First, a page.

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Slavic Studies

Slavic Studies is concerned with the languages, literatures, and civilizations of the Slavic world. Built on sound knowledge of one or two Slavic languages (normally Russian or Czech) the program allows students to develop an in-depth appreciation and understanding of East European cultures and civilizations through a broad spectrum of interdisciplinary fields. Students take courses in literature, history, culture, theater, political science, economics, and international relations. Concentrators focusing on Russia learn one of the world’s most commonly spoken languages and study some of the world’s best-regarded authors and composers: Tolstoy and Dostoevsky, Gogol and Bulgakov, Tchaikovsky and Mussorgsky, and Rachmaninoff and Stravinsky. Focusing on Czech allows students to explore, for example, how Czechs distinguished themselves by peacefully transitioning from communism to capitalism (the “Velvet Revolution”) and separating peacefully with the Slovak Republic (the “Velvet Divorce”). Most concentrators study abroad in a Slavic country, either during the academic year or the summer. 

Requirements for the AB Degree

Six semesters of one Slavic language or the equivalent (normally Czech or Russian), or a combined total of eight semesters of two Slavic languages or the equivalent.
Introductory Russian
and Introductory Russian
Intensive Russian
Intermediate Russian
Intermediate Russian
Advanced Russian
Advanced Russian
Summer courses offered on the Brown in Petersburg Program can enable advanced plaement in academic year courses:
Introductory Russian in St. Petersburg
Intermediate Russian in St. Petersburg
Advanced Russian in St. Petersburg
In cases where a student's interests and course of study warrant it, and only upon consulting the concentration advisor, the student may apply more than one Slavic language to the concentration (Czech or Polish in addition to Russian), and would then need a combined total of eight semesters of two Slavic languages:
Introductory Czech
and Introductory Czech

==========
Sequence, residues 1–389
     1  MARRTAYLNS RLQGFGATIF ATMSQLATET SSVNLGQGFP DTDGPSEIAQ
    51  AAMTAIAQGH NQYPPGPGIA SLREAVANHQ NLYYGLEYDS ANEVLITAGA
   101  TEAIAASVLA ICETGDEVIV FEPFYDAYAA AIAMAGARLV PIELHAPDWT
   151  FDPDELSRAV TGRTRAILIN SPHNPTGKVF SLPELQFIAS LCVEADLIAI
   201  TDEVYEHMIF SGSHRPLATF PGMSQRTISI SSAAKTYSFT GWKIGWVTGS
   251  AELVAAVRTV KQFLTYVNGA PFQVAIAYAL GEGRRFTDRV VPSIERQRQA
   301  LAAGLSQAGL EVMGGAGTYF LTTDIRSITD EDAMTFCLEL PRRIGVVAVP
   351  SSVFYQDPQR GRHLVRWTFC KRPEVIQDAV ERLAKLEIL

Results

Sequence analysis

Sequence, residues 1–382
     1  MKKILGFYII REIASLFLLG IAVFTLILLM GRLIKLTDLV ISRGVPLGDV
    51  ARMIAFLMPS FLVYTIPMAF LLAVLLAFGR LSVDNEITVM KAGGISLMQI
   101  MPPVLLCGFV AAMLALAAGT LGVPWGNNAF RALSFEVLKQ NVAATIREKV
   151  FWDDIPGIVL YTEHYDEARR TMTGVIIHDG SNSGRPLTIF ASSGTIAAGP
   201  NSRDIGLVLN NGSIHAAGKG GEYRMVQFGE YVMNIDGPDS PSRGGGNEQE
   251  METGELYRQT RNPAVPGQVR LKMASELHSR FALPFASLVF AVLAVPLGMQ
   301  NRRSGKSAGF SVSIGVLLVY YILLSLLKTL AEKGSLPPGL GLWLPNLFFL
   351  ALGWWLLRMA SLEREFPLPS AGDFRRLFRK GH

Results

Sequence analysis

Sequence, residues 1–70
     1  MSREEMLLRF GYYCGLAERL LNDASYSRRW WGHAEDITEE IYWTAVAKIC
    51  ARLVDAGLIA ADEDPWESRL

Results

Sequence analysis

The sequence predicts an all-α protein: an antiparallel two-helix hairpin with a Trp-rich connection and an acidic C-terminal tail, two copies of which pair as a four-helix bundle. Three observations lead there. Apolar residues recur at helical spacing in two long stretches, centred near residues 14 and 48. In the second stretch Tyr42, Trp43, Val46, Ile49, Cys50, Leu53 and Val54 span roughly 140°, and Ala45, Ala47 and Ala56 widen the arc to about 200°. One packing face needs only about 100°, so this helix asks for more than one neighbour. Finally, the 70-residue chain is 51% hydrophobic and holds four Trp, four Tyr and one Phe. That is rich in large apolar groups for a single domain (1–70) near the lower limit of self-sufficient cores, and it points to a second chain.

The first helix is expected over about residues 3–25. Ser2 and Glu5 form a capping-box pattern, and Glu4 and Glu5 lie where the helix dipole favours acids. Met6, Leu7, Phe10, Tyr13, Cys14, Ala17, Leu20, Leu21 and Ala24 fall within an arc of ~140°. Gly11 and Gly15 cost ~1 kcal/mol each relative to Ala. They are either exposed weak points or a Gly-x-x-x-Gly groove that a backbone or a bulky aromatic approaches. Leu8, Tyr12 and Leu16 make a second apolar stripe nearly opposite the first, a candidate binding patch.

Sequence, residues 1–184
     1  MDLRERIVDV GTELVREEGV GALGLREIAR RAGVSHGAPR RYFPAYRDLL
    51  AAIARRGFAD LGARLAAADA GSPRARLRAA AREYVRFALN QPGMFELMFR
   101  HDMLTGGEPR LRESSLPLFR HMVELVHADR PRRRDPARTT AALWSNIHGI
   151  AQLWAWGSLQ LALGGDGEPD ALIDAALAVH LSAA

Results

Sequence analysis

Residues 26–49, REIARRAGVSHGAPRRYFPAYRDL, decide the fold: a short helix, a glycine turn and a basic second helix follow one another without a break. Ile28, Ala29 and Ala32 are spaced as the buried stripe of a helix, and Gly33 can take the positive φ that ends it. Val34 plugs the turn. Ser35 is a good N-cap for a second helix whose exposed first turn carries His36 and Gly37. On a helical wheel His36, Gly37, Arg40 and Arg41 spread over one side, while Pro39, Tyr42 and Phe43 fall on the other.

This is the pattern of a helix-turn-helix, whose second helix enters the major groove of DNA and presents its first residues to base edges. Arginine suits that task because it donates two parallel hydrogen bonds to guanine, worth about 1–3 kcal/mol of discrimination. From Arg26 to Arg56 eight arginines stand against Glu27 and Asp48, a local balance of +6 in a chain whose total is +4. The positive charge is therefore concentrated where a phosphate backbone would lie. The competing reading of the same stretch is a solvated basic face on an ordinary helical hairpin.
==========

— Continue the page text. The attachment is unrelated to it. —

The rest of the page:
Boys and Girls: Relationships under Socialist Bohemia
Coming of Age in Postwar Czechoslovakia
Czech View of Self and Others
Czechs and the Big Brother: Czech Lands in the 1980s
Czech Lands under Occupation and Terror
Psychosis of Occupation in the Czech Lands
Czech Cultural Icons, Emblems, and National Identity
Introductory Polish
and Introductory Polish
Intermediate Polish
and Intermediate Polish
The concentration in Slavic Studies requires students to complete a minimum of seven 1000-level courses devoted to the study of the East European civilizations: literature, history, culture, theater, political science, economics, international relations. Typically, at least four of these courses will be from within the Department of Slavic Studies. Students' choice of courses is subject to the approval of the concentration advisor.
Courses in the Department of Slavic Studies:
Special Topics in Russian Studies I: Advanced Reading and Conversation
Russian Fantasy and Science Fiction
Russian Cinema
Russian Literature in Translation I: Pushkin to Dostoevsky
Russian Literature in Translation II: Tolstoy to Solzhenitsyn
Soviet Literature from 1917 to 1953
Soviet Culture: Propaganda, Dissidence, Underground
The Russian Novel
Putin, Russia and the New Conflict with the West: Reading Modern Russian Culture
Love, Adultery, and Sexuality
Approaches to Russian Literature
Literature and History: Russian Historical Imagination in the European Context
Russian Jewish Literature and Film
Sociolinguistics (with Case Studies on the Former USSR and Eastern Europe)
Sample courses in other departments:
The Collapse of Socialism and the Rise of New Russia
Politics in Russia and Eastern Europe
Russian Theatre and Drama
Revolution as a Work of Art


Honors candidacy in Slavic studies assumes an excellent academic record, particularly in the concentration. Additional requirements are the same as those for a standard concentration, plus the writing of a senior thesis (SLAV 1990). For procedures and schedule for writing a senior thesis, please refer to the department guidelines.